Free Will and Sovereignty by Christopher Fisher

soviergnGrace Family Fellowship asks:

OT argues that absolute sovereignty destroys real relationship since real relationship is predicated on free will. If I am not free to take on the relationship or to reject it then I can have no relationship. The question is, how can a sovereign God really relate to me as a person, if my personhood, by definition, requires absolute freedom. How do human responsibility and divine sovereignty co-exist? This is not a new question and has been answered effectively elsewhere.

Perhaps Arminians and Calvinists and other shades of Classical Theists need to find a new word. Sovereignty just does not have the meaning that makes in incompatible with free will, as evident by the more common use of that word in relation to human monarchs. Roger Olsen writes:

There is no “sovereignty” in human experience like the “sovereignty” Calvinists insist we must attribute to God in order “really” to believe in “God’s sovereignty.” In ordinary human language “sovereignty” NEVER means total control of every thought and every intention of every subject. And yet it has become a Calvinist mantra that non-Calvinists “do not believe in God’s sovereignty.” I have a tape of a talk where R. C. Sproul says that Arminians “say they believe in God’s sovereignty” but he goes on to say “there’s precious little sovereignty left” (after Arminians qualify it). And yet he doesn’t admit there (or anywhere I’m aware of) that his own view of God’s sovereignty (which I call divine determinism) is not at all like sovereignty as we ordinarily mean it. That’s like saying of an absolute monarch who doesn’t control every subject’s every thought and intention and every molecule in the universe that he doesn’t really exercise sovereignty. It’s an idiosyncratic notion of “sovereignty.”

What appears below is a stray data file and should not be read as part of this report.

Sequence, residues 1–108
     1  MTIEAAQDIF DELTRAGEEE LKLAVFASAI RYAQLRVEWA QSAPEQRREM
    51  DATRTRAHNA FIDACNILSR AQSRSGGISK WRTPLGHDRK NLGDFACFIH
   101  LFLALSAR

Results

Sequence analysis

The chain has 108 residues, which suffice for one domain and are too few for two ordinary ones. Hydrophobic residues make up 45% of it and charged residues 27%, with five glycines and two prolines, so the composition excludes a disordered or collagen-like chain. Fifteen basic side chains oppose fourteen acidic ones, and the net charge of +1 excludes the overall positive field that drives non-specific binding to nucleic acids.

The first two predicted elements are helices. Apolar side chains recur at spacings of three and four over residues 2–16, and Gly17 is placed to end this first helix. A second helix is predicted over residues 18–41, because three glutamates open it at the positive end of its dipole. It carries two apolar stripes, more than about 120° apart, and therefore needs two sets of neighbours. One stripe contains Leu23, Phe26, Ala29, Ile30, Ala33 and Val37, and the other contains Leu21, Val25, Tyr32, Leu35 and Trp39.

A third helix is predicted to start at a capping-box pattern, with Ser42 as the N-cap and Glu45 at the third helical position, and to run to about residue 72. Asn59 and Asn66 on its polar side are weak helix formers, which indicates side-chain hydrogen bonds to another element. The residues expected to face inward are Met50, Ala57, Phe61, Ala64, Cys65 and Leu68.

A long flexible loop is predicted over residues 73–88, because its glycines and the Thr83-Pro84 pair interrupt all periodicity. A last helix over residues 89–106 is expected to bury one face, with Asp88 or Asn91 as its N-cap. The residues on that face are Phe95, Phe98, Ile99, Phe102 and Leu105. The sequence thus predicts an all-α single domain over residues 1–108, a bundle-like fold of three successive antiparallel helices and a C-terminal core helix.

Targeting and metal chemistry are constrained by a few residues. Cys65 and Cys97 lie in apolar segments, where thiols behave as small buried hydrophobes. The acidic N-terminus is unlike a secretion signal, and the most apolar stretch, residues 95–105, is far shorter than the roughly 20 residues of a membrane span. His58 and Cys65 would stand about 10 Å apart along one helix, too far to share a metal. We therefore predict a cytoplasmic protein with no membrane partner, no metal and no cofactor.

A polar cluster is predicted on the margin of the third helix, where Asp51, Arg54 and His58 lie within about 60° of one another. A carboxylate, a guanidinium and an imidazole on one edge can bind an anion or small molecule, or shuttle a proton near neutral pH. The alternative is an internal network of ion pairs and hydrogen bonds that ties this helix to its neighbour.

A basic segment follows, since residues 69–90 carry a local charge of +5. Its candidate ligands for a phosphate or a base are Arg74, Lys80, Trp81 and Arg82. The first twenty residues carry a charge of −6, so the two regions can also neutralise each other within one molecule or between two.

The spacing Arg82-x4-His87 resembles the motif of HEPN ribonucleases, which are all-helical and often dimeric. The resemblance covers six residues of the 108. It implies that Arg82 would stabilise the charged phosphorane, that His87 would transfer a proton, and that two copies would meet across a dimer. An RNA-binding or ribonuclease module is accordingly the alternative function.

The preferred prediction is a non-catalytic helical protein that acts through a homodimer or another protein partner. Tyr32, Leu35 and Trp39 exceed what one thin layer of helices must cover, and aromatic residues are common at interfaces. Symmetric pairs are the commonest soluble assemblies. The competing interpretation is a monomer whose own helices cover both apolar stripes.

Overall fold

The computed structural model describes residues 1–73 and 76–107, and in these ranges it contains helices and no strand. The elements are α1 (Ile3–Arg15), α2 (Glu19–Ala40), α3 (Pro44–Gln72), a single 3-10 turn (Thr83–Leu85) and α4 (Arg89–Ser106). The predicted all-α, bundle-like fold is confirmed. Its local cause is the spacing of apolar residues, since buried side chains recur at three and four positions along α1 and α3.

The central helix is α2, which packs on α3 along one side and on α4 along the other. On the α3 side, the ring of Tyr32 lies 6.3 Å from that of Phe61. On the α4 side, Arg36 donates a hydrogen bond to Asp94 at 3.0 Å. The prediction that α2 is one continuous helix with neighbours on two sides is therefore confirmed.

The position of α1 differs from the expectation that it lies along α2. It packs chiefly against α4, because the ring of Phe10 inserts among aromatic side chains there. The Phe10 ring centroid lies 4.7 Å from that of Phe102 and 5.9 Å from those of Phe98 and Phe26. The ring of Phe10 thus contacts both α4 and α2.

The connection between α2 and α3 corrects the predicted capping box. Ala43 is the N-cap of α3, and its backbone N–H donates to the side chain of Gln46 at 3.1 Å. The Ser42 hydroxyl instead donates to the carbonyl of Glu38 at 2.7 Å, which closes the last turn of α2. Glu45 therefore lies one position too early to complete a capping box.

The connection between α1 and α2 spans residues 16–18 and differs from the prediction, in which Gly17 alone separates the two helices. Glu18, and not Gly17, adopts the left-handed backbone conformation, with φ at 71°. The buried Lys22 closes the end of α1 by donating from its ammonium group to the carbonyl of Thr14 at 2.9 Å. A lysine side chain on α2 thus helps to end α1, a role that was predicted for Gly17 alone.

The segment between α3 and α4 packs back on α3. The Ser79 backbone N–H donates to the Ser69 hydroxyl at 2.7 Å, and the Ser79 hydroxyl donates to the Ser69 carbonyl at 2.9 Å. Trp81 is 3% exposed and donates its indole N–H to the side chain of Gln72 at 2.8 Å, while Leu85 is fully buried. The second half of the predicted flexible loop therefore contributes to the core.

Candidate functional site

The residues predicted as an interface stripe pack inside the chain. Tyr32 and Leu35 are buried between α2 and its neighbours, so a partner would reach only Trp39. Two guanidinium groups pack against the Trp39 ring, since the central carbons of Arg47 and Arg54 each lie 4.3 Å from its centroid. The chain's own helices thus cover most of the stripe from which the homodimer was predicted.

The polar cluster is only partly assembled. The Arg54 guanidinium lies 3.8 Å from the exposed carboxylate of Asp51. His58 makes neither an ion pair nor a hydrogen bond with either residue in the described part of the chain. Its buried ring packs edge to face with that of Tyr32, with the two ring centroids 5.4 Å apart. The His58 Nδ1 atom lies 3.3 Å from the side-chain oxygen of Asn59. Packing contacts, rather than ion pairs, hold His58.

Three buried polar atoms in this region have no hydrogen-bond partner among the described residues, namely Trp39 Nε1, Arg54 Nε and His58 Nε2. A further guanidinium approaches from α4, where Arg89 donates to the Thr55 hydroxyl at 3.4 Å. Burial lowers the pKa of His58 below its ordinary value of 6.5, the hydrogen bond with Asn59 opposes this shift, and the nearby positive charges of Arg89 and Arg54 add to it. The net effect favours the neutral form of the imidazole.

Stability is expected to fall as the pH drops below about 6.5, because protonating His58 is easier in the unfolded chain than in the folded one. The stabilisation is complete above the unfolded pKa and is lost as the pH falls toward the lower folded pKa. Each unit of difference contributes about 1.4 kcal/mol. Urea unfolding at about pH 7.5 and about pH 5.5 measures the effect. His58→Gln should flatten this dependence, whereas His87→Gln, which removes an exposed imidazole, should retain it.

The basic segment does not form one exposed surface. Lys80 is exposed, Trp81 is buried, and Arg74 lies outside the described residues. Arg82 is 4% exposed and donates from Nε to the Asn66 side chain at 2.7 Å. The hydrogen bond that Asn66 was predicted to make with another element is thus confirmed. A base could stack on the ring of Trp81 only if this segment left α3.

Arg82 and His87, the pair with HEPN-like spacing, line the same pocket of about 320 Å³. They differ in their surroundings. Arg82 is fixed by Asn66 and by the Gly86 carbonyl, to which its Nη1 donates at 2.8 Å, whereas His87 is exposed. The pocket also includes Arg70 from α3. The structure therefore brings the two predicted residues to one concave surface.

The Classical Theist seems to be coopting a word with positive connotations to illustrate a concept for which there are better words. Micromanager, Control Freak, or Petty Tyrant come to mind. But these words do not inspire positive imagery. These concepts are explicitly rejected as attributes of God by Open Theists, eliminating all conflict between these concepts and Free Will.

source: Christopher Fisher, “Answered Questions – Free Will and Sovereignty” (godisopen).